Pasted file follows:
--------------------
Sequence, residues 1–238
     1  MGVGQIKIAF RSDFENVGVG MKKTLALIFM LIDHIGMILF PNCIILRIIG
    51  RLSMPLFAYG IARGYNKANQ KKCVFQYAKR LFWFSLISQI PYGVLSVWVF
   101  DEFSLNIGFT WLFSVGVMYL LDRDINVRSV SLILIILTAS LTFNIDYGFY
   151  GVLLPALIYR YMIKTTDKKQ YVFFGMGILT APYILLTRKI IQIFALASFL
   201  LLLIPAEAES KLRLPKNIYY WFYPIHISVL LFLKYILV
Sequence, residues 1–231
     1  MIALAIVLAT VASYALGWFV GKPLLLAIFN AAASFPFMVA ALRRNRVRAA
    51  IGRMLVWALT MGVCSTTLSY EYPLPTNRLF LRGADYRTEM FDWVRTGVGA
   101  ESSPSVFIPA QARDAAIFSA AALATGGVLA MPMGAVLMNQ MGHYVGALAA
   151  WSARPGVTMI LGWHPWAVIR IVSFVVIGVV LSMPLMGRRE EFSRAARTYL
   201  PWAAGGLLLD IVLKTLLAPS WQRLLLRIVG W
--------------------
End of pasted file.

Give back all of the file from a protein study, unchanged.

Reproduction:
Sequence, residues 1–238
     1  MGVGQIKIAF RSDFENVGVG MKKTLALIFM LIDHIGMILF PNCIILRIIG
    51  RLSMPLFAYG IARGYNKANQ KKCVFQYAKR LFWFSLISQI PYGVLSVWVF
   101  DEFSLNIGFT WLFSVGVMYL LDRDINVRSV SLILIILTAS LTFNIDYGFY
   151  GVLLPALIYR YMIKTTDKKQ YVFFGMGILT APYILLTRKI IQIFALASFL
   201  LLLIPAEAES KLRLPKNIYY WFYPIHISVL LFLKYILV
Sequence, residues 1–231
     1  MIALAIVLAT VASYALGWFV GKPLLLAIFN AAASFPFMVA ALRRNRVRAA
    51  IGRMLVWALT MGVCSTTLSY EYPLPTNRLF LRGADYRTEM FDWVRTGVGA
   101  ESSPSVFIPA QARDAAIFSA AALATGGVLA MPMGAVLMNQ MGHYVGALAA
   151  WSARPGVTMI LGWHPWAVIR IVSFVVIGVV LSMPLMGRRE EFSRAARTYL
   201  PWAAGGLLLD IVLKTLLAPS WQRLLLRIVG W